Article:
It is an incontestible fact, that Medicine was practiced and taught in the gymnasiae of Greece, a long time before the Asclepiadae had divulged the secret of their doctrines.(See Plato - Laws : Daniel Leclerc, Hist, de la Medicine : C. Sprengel, Hist, le la Medicine : M. Houdart, Etudes Historiques et Critiques Bur la Doctrine d'Hippocrate. Paris, 1840, in 8vo) There were in these establishments three orders of physicians. A director termed the gymnasiarch, whose duties consisted in regulating the diet of the Athlete, and of the young men who frequented these schools ; a sub-director, or gymnast, who directed the pharmaceutic treatment of the sick ; lastly, subalterns, named jatraliptes, who put up prescriptions, annointed, frictioned, bled, dressed wounds and ulcers, reduced luxations, fractures, etc.

 

Marvellous stories are told of the sagacity of the gymnasiarchs, in discerning the slightest variation in the prescribed regimen. They pretended to recognize by certain signs, if any one had been guilty of the slightest excess in drinking or eating, if the accustomed promenade had been neglected, or if there had been any indulgence in the pleasures of Venus. Though the author who gives these accounts appears to question their veracity, yet, nevertheless they do prove that the doctors of the gymnasias had a high reputation, and possessed a certain degree of skill.(OEuvres d'Hippocr., 2e livre des Prorrhetiques, at the beginning)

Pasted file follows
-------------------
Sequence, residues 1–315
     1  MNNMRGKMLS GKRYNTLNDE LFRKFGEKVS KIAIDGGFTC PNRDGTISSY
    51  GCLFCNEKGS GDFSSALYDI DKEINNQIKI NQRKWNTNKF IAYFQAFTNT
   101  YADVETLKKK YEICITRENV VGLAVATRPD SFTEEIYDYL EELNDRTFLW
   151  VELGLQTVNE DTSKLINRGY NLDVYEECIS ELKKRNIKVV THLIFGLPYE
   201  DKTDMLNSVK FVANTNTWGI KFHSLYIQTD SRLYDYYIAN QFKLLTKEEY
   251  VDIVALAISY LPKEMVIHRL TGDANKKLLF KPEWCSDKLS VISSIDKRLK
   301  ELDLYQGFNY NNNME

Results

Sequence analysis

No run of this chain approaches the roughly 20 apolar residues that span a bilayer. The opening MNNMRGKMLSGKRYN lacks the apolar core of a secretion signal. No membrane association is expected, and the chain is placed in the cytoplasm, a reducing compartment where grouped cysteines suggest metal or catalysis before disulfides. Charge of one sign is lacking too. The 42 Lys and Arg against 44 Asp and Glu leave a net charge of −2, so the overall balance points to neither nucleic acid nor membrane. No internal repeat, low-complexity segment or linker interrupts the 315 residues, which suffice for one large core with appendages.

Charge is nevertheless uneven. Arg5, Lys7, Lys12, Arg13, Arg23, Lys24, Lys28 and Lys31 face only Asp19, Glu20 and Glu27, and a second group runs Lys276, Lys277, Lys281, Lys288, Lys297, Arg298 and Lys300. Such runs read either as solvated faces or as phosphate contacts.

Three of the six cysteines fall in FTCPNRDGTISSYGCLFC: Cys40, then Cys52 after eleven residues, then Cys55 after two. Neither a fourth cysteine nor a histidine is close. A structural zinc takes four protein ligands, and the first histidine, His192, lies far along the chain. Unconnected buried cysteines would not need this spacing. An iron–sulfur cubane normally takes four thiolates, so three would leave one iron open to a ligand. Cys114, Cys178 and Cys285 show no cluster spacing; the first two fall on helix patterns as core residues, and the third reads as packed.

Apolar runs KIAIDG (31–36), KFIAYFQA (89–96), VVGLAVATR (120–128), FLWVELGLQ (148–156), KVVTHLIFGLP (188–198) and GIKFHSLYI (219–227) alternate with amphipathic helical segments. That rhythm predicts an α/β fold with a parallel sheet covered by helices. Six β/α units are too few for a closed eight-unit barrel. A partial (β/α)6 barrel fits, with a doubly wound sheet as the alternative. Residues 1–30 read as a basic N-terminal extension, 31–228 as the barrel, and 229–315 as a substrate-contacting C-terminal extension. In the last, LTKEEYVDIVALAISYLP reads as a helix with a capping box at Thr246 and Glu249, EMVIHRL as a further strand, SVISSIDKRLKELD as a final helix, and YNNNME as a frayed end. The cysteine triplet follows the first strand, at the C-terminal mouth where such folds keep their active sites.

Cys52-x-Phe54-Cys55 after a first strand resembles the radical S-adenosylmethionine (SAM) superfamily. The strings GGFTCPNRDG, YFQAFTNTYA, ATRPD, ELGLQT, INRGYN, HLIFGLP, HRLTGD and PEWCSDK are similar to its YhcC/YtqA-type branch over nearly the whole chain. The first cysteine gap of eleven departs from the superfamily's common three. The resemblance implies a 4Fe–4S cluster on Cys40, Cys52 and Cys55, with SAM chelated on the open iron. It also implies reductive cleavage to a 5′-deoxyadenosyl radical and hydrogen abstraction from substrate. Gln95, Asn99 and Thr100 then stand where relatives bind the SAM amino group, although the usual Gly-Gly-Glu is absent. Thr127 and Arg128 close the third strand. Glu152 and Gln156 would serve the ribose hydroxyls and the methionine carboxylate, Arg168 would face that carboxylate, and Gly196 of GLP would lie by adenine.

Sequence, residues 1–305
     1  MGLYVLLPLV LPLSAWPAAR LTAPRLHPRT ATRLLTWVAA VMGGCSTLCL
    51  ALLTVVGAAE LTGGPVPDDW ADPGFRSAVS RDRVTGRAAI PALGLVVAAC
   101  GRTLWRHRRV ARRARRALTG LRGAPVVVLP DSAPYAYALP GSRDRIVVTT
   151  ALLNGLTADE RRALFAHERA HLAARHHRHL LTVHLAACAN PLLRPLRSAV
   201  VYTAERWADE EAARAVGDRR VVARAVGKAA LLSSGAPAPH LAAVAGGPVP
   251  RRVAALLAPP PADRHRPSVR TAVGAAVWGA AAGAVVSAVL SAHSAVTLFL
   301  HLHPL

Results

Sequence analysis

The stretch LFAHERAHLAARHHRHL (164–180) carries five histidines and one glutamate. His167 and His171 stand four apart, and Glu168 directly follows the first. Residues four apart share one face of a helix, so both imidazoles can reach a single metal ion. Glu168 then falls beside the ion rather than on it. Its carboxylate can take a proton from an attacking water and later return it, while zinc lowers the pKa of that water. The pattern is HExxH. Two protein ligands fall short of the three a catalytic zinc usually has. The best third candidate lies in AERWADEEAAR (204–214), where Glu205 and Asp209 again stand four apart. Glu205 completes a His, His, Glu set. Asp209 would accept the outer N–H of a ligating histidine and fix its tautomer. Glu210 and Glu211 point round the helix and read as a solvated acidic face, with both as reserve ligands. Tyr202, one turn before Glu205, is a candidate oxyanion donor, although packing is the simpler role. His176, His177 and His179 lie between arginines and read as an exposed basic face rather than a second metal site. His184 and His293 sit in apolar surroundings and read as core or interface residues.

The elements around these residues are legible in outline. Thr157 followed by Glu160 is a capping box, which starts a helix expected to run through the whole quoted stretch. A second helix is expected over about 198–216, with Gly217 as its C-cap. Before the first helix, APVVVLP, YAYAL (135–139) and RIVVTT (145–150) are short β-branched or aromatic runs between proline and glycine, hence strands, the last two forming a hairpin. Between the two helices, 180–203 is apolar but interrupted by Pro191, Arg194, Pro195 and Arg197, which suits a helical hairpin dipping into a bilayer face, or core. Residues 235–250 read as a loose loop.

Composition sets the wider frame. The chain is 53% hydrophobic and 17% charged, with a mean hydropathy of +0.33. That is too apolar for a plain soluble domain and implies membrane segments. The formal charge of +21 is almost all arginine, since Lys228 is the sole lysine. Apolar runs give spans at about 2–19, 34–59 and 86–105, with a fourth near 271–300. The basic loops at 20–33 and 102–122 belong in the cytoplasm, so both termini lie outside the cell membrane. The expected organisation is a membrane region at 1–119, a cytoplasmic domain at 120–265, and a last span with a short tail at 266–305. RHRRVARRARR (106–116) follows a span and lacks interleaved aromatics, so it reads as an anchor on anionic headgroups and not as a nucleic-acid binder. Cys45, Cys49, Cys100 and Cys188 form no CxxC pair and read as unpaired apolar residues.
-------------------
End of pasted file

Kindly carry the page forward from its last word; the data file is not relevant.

History has transmitted to us the names of two gymnasiarchs, cotemporaries of Hippocrates, but slightly older than he. The first was Iccos of Tarentum, celebrated for his sobriety and continence ; the proverb, " repast of Iccos," was used to signify its frugal character.

The second was Herodicus, or Frodicus, of Selymbria, the same who is named in the passage of Plato that we have heretofore quoted (see page 49.) That philosopher accuses him of being the first who employed gymnastics, in the cure of diseases, and he reprimands him severely on that occasion for having succeeded too well in prolonging the lives of valetudinarians. But the author of the sixth volume of Epidemics reproaches him in an entirely opposite manner ; he accuses him of killing his fever patients by excessive fatigue (Ibid, livre 6e, section 3e, § 48, edition of M. Littre). It is said that this gymnasiarch obliged his patients to run without stopping, the distance from Athens to Megara, and back again, equal to three hundred and sixty stadia, which are about equal to nine French leagues. These two contradictory reproaches may be easily explained ; for such exercise, though useful in some slight chronic disorders, must have been fatal in acute diseases

From History of Medicine by P.V. Renouard M.D.

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